The growth of the economy in 2018. Why oil prices have diverged from GDP
The increase in oil prices at the moment has no such significant effect on GDP growth as in the past. The impact of higher oil prices is largely manifested through the growth of revenues and expenditures budget. Now revenues are growing, but this does not lead to a substantial increase in costs. Thus, the increase in oil prices improves the fiscal performance, but has no significant effect on economic growth. In 2018, the budget rule formalizes the approach to budget policy, which the Ministry of Finance has used this year.
Inflation and Central Bank policy
We expect that inflation in Russia will remain low, and interest rates will gradually decline. Our prediction — the return of the annual inflation rate (to corresponding month of the previous year) to the target value of 4% in the second half of 2018, from 2.5% in December 2017. However, the average annual inflation (the average price level in 2018 compared to 2017) will probably be closer to 3 percent. From the point of view of the Central Bank, the risks of exceeding the inflation targets outweigh the risks of sustainable inflation deviation down, therefore, the Central Bank is very cautious approach to easing monetary policy. In our baseline scenario — a reduction of the key rate to 7% by the end of 2018.
From our point of view, a moderating influence on growth has, as structural constraints, and quite tight macroeconomic policy — the reduction of budget expenditures in real terms, and the still very high real interest rates. The government faces a difficult task: to find a balance in macroeconomic policies that will maintain macroeconomic stability without impeding growth.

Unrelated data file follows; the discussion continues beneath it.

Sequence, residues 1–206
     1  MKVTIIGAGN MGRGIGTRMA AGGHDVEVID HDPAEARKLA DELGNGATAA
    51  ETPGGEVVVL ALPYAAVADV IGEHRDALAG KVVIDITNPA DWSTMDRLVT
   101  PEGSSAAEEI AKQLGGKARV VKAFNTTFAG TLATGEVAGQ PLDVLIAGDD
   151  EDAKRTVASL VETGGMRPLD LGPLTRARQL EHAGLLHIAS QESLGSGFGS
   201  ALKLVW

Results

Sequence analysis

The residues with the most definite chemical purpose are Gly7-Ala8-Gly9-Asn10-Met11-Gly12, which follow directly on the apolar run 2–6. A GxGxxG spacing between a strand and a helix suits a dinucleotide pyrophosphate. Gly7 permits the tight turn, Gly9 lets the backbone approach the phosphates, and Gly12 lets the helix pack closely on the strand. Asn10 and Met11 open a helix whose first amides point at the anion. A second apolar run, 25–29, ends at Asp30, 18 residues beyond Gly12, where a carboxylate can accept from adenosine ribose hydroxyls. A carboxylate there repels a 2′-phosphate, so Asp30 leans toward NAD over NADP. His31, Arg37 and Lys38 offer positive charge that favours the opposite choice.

The main risk for the Russian economy, from our point of view, the lack of reforms, as in this case, the pace of economic growth in Russia is likely to remain very low. With regard to external risks, from our point of view, compared to other emerging markets, Russia is less exposed to risks of rising world interest rates. Due to the surplus of the current account and the excess of foreign assets over liabilities, Russia is less dependent on foreign capital inflows than, for example, countries such as Turkey and South Africa.
We do not believe that the latest round of US sanctions will have a negative impact on the Russian economy in the short term, but of course there is a big uncertainty about how to execute all these measures, and what will be the reaction of the Russian government. This adds to the existing uncertainty and can have a negative impact on investment decisions and medium-term prospects for economic growth.
The Russian public debt net of liquid assets is very low, 10% of GDP. If the script is implemented sanctions against the Russian sovereign debt, the effect will depend on whether the sanctions apply only to new releases or existing releases. Sanctions on new releases, from our point of view, do not represent a particular problem, as the budgetary situation improved and the budget deficit is shrinking pretty quickly.
Next year, according to our estimates, the deficit will be moderate, if the price of oil will be in the range of $ 50-60 / barrel (our base-case forecast average price of Brent crude to $55 per barrel in 2018). If the ban will apply to all current debt, it will probably cause short-term turbulence on currency and bond markets markets, as non-residents held one third of government bonds. However, I do not see significant medium-term consequences for Russia. I think that the amount of debt will be absorbed by the domestic players, because we are talking about very low levels of debt. The Russian government still have assets and flexibility in adjusting expenditures, at least for the next few years.